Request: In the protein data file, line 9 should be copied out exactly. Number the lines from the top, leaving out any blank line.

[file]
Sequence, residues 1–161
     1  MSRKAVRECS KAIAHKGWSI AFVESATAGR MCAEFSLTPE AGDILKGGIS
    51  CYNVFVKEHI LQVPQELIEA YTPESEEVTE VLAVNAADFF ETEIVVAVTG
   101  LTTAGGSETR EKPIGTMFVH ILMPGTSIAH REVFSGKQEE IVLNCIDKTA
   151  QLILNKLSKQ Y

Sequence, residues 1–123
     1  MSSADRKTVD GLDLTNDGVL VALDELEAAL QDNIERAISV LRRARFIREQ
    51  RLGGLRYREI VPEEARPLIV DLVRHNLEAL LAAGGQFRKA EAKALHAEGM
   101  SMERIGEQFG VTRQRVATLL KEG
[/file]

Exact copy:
   101  SMERIGEQFG VTRQRVATLL KEG